Tuesday, May 6, 2008

Wash Day

Yesterday was a rarity in South Dakota- a warm, dry, day with very little wind. Perfect for washing wool, and drying it in baskets on the porch. So that's what I did.

Here's the process: Fill the washer with hot water, and squirt enough Dawn dish soap to make the water bluish (I never measure, but I suppose I use a quarter cup). Make absolutely sure that the washer is shut off so that someone doesn't accidentally close the lid and start the cycle (ask me how I know this can happen). Submerge the wool in the hot soapy water. I usually just put the wool in, unbagged, but I separated the colors of this Cormo fleece and I wanted to keep them separated. So the locks were in zipper lingerie bags (the same ones I use for felting). Let the wool sit for an hour or so, until the water cools but is still warm. Spin the water out. Remove the wool. Wipe out the washer (the dirt and gunk accumulation can be amazing, but for a high-lanolin wool, it wasn't bad. I suppose it's because I was only washing a pound). Repeat the process. Then run another tub of hot water and submerge the bags for a rinse. Let it sit until the water cools off, and spin. Repeat the rinse as well. (note: usually 2 washes will do the trick, but some really dirty wool needs 3 wash repeats). Take the wool out of the bags, re-sort as to color (I had a lot of lighter stuff in with the dark), fluff and set out to dry. Turn and fluff the wool periodically, until it dries completely. That can take anywhere from 3 hours to 3 days, depending on the weather, the amount of wool, and what kind of hurry I'm in. Yesterday it took about 4 hours.

Often, the raw locks are matted at the end, and need to be flicked open before washing and carding, but this wool didn't need flicking. I don't have a picker (a medieval torture device used to open wool locks), so I usually just feed the washed locks into my carder and go from there. (actually, I usually send my washed wool to Abi at High Prairie Fibers to card, but this was just 1 lb and I felt like playing with it). Cormo is a very fine wool, and prone to neps and snarls, and it's important not to over-card. I ran each batt through the drums twice carefully, but I got some neps anyway (you can see them in the pics). I'll pick them out as I spin (though some will remain- it won't be a perfectly even yarn). Even the cleanest of fleeces has dirt in it- and this batch was no exception- see what was under the carder when I finished?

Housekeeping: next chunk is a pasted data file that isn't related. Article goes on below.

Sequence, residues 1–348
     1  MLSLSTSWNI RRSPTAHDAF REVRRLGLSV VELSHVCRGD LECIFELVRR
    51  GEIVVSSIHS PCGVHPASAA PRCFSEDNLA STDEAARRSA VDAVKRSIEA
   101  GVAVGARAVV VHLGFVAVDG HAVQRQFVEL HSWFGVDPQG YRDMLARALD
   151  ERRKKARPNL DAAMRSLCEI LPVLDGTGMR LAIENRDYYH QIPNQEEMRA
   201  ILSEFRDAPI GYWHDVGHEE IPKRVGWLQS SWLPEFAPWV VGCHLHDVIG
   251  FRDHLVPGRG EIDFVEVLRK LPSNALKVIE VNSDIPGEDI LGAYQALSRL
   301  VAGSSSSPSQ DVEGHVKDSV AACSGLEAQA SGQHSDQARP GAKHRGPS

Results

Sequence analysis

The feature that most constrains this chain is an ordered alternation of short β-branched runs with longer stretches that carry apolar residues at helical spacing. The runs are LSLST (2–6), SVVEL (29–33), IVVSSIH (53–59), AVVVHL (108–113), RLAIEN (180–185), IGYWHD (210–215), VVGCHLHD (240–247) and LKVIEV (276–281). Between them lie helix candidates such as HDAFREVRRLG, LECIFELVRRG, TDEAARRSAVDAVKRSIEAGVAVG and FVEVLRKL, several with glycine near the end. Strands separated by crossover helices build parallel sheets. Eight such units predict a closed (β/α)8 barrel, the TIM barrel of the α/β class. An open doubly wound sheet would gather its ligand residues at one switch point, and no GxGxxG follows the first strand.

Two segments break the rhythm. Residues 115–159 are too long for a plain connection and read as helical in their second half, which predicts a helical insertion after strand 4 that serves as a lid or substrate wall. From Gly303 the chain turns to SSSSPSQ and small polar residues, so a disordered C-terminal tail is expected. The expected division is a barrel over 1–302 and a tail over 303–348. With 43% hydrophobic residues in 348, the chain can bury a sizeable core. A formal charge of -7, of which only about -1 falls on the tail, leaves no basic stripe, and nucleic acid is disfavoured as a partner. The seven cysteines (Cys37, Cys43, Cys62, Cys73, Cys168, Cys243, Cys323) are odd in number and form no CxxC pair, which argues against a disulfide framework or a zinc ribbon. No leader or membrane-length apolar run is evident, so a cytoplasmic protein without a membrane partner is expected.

This wool is amazingly soft and beautiful, and I love the colors. I started out with 1lb of raw fleece. After sorting and washing, I ended up with 1 cream batt, 1 oatmeal batt, 8 medium tan batts, and 3 dark tan batts- a total of 8.3 ozs of spinnable fiber (with and additional .1 oz already spun in test yardage). This is not enough wool for a sweater, and Cormo is too soft for socks (it'll wear out easily). But it'll be perfect for mittens and a hat- which is what I suspect this wool will end up being. I plan to make a 2-ply yarn, 14-15 wpi, and I hope to have enough white and dark to knit a simple stranded design with the tan. (pardon the messy table- it's very cluttered where I live).
I was on a sock-roll last night-the current book sock was going very well, so I completed that instead of spinning- but I will begin spinning this wool soon (I have a bobbin of Rose Garden Merino to finish, and then ply first). Maybe tonight during AI (as I scribble notes).


Leigh said...

You do such a wonderful job processing your fiber. It's a joy to see it happen so.

Kathleen Taylor said...

Thanks! Sometimes I just have to play with raw wool. I love the whole process.